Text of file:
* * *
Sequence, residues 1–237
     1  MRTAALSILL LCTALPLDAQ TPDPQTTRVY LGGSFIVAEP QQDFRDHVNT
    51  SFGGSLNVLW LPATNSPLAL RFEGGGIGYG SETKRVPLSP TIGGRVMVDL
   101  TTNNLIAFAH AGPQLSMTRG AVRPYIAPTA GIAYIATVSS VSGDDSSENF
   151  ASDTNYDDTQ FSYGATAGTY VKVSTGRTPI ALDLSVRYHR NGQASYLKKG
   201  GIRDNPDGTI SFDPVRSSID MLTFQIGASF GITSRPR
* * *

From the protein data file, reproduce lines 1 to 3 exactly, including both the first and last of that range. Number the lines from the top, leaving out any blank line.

Sequence, residues 1–237
     1  MRTAALSILL LCTALPLDAQ TPDPQTTRVY LGGSFIVAEP QQDFRDHVNT
    51  SFGGSLNVLW LPATNSPLAL RFEGGGIGYG SETKRVPLSP TIGGRVMVDL